Meet the Peruvian skateboarding chef

When his dreams of being a pro skateboarder died, Virgilio Martinez got to work and instead became one of the best chefs in the world.

April 25, 2017

In the list of the world’s top 50 restaurants, Virgilio Martinez sits at number four. No doubt some chefs would be heartbroken at missing out on the top three and hurl a pan in frustration, but after meeting the humble Peruvian chef, EDGAR got the feeling accolades and adulation are way down on his list of priorities. He’s probably far more concerned about sourcing fresh avocados. 

Martinez spoke to EDGAR in Dubai for the launch of Lima, his fourth restaurant. He runs Central in Lima the Peruvian capital, and has two London restaurants, one of which, Lima Fitzrovia is the first Peruvian spot to have a Michelin star. 

He’s 39, but looks 20, perhaps because of the fresh air he breathes during journeys to the Peruvian wilderness to seek out ingredients and ideas for new dishes. 

“We bring anthropologists, botanists and biologists on these trips and we meet a new Peru that we were not aware existed. We thought Peru was Lima, but that’s a bubble. There are the Andes mountains and the jungle. We discovered new cultures, dishes and ingredients. I love how the people we met have a deep communication with nature and Mother Earth, not like us city people.”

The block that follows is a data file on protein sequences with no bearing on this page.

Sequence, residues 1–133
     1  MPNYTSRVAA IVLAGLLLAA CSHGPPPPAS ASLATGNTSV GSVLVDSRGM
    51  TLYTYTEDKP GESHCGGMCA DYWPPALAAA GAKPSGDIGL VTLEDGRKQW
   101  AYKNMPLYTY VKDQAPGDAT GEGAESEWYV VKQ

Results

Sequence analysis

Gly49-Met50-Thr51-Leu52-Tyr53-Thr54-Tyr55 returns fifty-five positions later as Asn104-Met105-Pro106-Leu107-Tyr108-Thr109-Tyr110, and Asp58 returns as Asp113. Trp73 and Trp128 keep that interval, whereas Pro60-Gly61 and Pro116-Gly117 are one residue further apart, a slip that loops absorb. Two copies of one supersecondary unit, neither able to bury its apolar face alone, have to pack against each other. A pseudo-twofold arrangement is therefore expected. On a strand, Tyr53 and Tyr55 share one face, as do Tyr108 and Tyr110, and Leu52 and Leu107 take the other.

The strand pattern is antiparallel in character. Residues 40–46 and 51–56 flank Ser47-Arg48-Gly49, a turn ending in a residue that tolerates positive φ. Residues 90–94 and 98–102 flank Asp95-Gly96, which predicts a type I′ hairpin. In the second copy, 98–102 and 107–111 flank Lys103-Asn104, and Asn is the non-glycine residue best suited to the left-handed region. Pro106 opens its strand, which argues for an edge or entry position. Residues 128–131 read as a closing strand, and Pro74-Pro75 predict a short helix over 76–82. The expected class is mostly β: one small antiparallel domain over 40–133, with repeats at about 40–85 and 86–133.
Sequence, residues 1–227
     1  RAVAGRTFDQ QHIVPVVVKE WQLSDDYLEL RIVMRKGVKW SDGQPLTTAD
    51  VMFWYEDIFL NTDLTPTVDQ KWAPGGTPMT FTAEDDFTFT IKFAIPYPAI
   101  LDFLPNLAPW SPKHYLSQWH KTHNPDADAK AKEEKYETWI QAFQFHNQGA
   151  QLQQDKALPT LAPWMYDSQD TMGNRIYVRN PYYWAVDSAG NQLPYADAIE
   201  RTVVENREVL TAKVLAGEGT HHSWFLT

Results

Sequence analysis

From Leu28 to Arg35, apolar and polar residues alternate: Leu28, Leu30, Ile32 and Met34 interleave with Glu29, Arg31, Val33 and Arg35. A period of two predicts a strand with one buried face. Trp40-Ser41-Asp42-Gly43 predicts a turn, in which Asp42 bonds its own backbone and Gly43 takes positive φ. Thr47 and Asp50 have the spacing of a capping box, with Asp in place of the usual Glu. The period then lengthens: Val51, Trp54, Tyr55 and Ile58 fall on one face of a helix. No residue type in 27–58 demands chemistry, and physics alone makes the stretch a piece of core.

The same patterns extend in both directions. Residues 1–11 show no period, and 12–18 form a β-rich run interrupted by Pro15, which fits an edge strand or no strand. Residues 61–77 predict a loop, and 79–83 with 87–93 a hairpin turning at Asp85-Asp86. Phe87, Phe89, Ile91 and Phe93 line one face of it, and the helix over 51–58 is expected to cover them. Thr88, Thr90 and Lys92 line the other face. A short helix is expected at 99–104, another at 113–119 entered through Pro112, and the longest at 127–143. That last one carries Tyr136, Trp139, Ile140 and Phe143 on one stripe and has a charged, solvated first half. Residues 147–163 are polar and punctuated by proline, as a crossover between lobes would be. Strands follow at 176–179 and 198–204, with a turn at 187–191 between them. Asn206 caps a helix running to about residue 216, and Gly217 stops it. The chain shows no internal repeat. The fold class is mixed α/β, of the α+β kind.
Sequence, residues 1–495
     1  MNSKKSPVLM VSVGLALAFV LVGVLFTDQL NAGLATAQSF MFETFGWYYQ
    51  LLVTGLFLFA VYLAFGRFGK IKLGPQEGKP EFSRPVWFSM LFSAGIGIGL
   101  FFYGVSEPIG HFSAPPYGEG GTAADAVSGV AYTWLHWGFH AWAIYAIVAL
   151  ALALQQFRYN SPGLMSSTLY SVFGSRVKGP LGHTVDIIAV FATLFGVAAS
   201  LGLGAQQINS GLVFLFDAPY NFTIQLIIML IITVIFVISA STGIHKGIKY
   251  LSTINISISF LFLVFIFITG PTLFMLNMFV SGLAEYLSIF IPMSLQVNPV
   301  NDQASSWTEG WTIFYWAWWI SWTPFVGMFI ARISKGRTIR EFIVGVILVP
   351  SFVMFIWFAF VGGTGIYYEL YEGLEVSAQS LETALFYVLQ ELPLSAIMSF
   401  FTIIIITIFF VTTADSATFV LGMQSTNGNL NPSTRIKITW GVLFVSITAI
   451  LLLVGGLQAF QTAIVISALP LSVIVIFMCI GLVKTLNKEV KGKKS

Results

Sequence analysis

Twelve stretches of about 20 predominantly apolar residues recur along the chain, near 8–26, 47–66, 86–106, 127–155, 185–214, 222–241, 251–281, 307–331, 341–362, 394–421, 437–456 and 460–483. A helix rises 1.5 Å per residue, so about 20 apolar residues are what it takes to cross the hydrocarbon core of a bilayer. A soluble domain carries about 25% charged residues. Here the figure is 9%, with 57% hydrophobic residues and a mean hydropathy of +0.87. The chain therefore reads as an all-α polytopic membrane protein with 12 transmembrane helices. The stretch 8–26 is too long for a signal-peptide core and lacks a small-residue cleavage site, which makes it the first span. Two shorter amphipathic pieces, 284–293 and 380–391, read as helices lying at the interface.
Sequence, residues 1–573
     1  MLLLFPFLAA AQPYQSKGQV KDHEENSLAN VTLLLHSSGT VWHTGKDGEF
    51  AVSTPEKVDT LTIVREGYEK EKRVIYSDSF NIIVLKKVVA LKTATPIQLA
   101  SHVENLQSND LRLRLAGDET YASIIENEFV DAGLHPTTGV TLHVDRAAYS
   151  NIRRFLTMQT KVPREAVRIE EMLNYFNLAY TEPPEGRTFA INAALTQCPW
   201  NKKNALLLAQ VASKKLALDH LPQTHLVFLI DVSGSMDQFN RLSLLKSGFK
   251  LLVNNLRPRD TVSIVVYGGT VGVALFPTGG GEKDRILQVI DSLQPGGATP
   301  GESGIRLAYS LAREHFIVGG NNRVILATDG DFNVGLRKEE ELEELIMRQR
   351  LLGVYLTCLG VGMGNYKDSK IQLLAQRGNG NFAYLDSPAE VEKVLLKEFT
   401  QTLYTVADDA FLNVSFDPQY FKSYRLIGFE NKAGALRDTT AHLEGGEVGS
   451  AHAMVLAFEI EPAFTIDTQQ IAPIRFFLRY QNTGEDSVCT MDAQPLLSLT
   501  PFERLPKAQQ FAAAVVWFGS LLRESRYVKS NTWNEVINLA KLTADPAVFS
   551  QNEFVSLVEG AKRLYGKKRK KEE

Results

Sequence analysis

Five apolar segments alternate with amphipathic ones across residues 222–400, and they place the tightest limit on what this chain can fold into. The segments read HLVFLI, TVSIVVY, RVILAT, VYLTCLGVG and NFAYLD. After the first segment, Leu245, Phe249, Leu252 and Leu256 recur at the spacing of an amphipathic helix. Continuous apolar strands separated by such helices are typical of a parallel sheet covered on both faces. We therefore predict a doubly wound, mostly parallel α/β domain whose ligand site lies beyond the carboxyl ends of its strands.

The day before meeting Martinez, EDGAR spoke to Marina Social’s star chef Jason Atherton who praised his Peruvian counterpart: “Virgilio is a fantastic chef. Everyone in Dubai is in for a wake up call about what Peruvian food really should be.” When we quote Atherton back to Martinez, he blushes. “Oh, that’s nice.”

Is Atherton right? “I don’t want to compete with other restaurants,” says Martinez quickly before setting out his credentials. “The food at Lima is authentic and down to earth. This food is what I see and eat when I go out in Peru – there are no special effects.”

He adds, “I have a strong proximity to Peruvian people, its cuisine and its ingredients. I have been making ceviche since I was three years old and I’ve been cooking since I was 14.” 

When he wasn’t in the kitchen as a teenager, Martinez was pursuing his dream to be a pro skateboarder. “I entered a competition in California when I was 18 to see if I could compete with the pro skateboarders, but I broke my shoulder. A month later I broke the other shoulder so that was the end.” Does he still skateboard today? He nods and smiles, “Yes, but just for fun – I don’t want to hurt myself.”